In January 2016, Evan Buechley found one of his carcasses in Utah’s Great Basin had disappeared.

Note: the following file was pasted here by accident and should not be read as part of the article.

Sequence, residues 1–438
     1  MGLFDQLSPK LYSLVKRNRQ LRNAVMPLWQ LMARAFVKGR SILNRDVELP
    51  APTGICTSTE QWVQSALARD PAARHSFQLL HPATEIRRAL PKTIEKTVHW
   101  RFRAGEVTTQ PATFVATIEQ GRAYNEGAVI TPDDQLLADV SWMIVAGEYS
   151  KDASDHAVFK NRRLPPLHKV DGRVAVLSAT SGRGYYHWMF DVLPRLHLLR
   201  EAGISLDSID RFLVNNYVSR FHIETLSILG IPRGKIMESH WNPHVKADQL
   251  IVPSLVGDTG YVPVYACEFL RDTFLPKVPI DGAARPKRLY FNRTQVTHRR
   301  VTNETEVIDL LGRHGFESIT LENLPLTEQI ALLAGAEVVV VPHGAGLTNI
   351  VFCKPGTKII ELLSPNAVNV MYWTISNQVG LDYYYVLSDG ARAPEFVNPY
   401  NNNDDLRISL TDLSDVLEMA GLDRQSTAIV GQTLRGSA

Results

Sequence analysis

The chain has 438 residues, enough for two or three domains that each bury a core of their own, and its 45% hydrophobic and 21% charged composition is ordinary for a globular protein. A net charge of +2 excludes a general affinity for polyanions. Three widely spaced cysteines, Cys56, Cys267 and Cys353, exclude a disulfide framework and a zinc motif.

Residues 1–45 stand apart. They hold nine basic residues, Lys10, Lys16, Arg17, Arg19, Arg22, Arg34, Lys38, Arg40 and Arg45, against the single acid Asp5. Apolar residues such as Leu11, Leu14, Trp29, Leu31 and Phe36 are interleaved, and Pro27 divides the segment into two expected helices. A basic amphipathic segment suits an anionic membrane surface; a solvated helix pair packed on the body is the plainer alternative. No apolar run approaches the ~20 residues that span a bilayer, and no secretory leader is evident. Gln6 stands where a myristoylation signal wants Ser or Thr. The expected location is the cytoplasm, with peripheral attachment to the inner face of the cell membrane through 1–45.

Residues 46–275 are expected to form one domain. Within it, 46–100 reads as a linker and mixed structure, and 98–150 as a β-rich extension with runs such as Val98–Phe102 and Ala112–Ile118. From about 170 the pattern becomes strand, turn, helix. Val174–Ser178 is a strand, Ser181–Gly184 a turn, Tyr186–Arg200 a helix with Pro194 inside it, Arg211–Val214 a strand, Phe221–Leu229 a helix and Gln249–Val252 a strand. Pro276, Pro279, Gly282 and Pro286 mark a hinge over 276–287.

The conservation biologist, who leaves animal corpses out in the desert and sets up cameras to record scavengers, figured a pack of coyotes had dragged the 50-pound calf away.But after a short search yielded no sign of the carcass, Buechley downloaded the camera’s images to see if he could find some clues.What he saw, no one had ever seen before.Over the course of five days, the photos reveal, a single American badger excavated tunnels beneath the calf carcass until the whole thing collapsed into a pit. The badger then covered the carcass completely and constructed a burrow beside it, inside which it feasted on beef for 11 straight daysLater investigation into the scientific literature revealed no one had ever recorded a badger entomb anything larger than a jackrabbit.Found throughout the United States, southern Canada, and northern Mexico, American badgers are known for creating underground food lockers called caches. Such stores keep food safe from competing scavengers and prevent decomposition, thanks to the earth’s natural coolness.Similarly, the corgi-size creatures, which are related to weasels and wolverines, have a number of adaptations that allow them to dig like nobody’s business.For starters, badgers have powerful, heavily muscled forelimbs and long rakes for claws, which allow them to rip through hard, compact dirt. Their heads are cone-shaped, perfect for a life spent scooting around in tunnels. The burrowers also sport a third eyelid, called a nictitating membrane, which helps keep dirt from getting in their eyes.But for all their burying prowess, no one has ever seen a badger tuck away such a large carcass, not to mention one more than two times its weight.